Research Experience for Undergraduates (REU) Site:

Machine Learning in Natural Language Processing and Computer Vision (NSF IIS-1659788)

Jugal Kalita, Principal Investigator

Jonathan Ventura, Co-Principal Investigator

June 1, 2017 - May 31, 2020 (Estimated)

Amount awarded to date: $379,853.00

Project description

The proposal seeks to increase the number of American citizens and permanent resident undergraduates who are attracted to careers in research and advanced studies in Computer Science. Training in theoretical and empirical machine learning will enable participants to contribute to ubiquitous software-based technologies at the highest levels in innovative ways. The proposal will also focus almost exclusively on training future computer scientists from institutions with limited research opportunities, women and under-represented minorities. The research experience will encourage these students to be productive researchers in academic and non-academic environments during their future careers. Computer vision, through applications such as face recognition and autonomous vehicles, has profound implications for society in terms of future of national security and transportation. Natural language processing, through applications such as efficient large volume semantic analysis and summarization of textual documents from disparate sources, also has implications for national security in addition to numerous other possibilities that can be exploited by industry.

The objective of this proposal is to expose bright and motivated undergraduates who want to pursue advanced careers in Computer Science to active research experience early in their careers. This proposal seeks to develop an REU site to broaden the intellectual horizon of participants through exposure to opportunities available in university research. Students will be involved in research projects in machine learning techniques and in emerging applications that exploit machine learning. The applications of interest are in the fields of natural language processing and computer vision. Students will have the opportunity to utilize a combination of theoretical reading, analysis, and research within laboratory environments. The students will be introduced to the topics and helped to obtain in-depth understanding of selected topics through introductory presentations. Then, they will perform hands-on research on novel problems, conduct experiments, and communicate their results through written papers and presentations. The REU students will be involved in research in machine learning and its applications in diverse and emergent areas alongside faculty mentors and graduate students in a university environment. The research will involve undergraduate students in cutting-edge research where they will write software to solve interesting and timely problems and write papers for publication.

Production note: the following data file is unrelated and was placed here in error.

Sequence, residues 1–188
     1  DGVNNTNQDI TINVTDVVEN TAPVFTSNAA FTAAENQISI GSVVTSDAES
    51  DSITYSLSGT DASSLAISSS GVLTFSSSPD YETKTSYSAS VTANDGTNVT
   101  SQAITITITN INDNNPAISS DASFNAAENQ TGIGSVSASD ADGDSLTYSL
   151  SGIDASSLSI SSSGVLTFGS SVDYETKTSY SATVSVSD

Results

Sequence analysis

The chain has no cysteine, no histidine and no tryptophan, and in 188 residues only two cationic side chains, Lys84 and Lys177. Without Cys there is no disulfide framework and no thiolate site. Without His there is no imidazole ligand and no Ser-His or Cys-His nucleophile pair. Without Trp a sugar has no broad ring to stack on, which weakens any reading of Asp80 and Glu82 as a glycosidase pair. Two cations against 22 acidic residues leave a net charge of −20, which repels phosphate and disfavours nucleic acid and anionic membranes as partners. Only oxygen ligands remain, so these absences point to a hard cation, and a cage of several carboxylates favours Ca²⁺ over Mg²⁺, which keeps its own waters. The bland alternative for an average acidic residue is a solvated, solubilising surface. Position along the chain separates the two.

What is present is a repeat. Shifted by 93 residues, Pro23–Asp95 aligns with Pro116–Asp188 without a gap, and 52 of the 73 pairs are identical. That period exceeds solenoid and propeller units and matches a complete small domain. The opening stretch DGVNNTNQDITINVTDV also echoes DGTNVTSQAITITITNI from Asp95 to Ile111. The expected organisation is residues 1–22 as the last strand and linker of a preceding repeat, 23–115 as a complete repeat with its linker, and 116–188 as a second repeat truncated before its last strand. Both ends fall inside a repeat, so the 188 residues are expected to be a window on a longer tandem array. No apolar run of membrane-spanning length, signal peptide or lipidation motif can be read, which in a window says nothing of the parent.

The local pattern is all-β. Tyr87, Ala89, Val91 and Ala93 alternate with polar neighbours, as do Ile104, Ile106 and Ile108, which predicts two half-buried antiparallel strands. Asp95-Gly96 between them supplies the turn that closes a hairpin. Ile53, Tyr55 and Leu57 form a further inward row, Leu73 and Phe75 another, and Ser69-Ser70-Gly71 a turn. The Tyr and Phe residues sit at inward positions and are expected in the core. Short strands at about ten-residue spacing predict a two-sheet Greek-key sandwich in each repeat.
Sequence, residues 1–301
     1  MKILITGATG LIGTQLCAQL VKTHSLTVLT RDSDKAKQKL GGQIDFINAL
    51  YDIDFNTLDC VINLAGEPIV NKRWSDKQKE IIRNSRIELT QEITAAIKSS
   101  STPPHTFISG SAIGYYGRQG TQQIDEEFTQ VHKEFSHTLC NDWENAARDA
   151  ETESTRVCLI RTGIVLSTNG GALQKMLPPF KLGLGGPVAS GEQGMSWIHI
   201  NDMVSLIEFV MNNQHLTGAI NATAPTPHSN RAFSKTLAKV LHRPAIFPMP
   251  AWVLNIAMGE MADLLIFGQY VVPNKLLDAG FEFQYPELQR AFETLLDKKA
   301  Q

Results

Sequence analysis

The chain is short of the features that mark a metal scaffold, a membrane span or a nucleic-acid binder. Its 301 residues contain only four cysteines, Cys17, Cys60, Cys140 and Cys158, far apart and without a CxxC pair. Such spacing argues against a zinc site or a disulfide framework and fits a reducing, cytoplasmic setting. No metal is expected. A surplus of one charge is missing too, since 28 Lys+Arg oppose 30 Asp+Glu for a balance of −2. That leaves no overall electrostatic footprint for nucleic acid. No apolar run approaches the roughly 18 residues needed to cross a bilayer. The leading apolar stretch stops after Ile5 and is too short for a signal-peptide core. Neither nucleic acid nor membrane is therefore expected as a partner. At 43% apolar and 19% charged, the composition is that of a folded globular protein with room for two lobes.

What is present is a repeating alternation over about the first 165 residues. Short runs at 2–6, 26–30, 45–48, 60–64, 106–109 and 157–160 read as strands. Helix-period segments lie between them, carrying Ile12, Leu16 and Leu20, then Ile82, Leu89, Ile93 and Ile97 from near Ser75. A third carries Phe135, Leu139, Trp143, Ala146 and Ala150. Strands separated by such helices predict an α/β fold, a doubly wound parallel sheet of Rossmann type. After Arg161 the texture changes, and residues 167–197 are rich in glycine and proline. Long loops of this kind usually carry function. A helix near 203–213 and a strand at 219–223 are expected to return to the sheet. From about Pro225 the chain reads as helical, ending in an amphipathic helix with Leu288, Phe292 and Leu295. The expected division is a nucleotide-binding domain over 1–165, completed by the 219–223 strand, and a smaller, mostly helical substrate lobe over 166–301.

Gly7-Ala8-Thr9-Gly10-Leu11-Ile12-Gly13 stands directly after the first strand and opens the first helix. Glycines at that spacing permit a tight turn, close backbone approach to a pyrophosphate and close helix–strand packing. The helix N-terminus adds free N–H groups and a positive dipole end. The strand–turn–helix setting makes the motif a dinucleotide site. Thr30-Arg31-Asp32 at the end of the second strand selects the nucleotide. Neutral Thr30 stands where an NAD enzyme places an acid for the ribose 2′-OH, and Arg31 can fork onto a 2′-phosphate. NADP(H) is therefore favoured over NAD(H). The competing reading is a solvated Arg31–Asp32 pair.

For information on how to apply to participate in the program, please visit the project homepage.

Participants for whom I was the primary advisor are marked with a star.

2018 REU Participants
  • Mehdi Drissi, Harvey Mudd College
  • Chance Hamilton*, Florida Gulf Coast University
  • Jacob Krantz, Gonzaga University
  • Julian Medina, University of Colorado, Colorado Springs
  • Kayleigh Migdol*, Humboldt State University and Carnegie Mellon University
  • Tram-Anh Nguyen*, George Mason University
  • Kieran Parikh, Middlebury College
  • Krishan Rajaratnam, The University of Chicago
  • Alisha Sharma*, University of Maryland University College
  • Jack St. Clair, Haverford College
  • Gia Zhuang, University of Colorado, Colorado Springs
2017 REU Participants
  • Diptodip Deb*, Georgia Institute of Technology
  • Ryan Griebenow, University of Colorado Colorado Springs
  • Sina Masoumzadeh, University of Colorado Colorado Springs
  • Adia Meyers*, Clayton State University
  • Sridhama Prakhya, BML Munjal University
  • Derek Prijatelj, Duquesne University
  • Harriet Small*, Brown University
  • Adly Templeton, Williams College
  • Christopher Towne, New College of Florida
  • Kyle Yee*, Swarthmore College


Diptodip Deb and Jonathan Ventura, "An Aggregated Multicolumn Dilated Convolution Network for Perspective-Free Counting", CVPR Workshop on Visual Understanding of Humans in Crowd Scene, Salt Lake City, UT, IEEE, 2018

Derek Prijatelj, Jonathan Ventura, and Jugal Kalita. "Neural Networks for Semantic Textual Similarity," ICON 2017: 14th International Conference on Natural Language Processing, 2017.

Sridhama Prakhya, Vinodini Venkataram and Jugal Kalita. "Open Set Text Classification Using CNNs." ICON 2017: 14th International Conference on Natural Language Processing, 2017.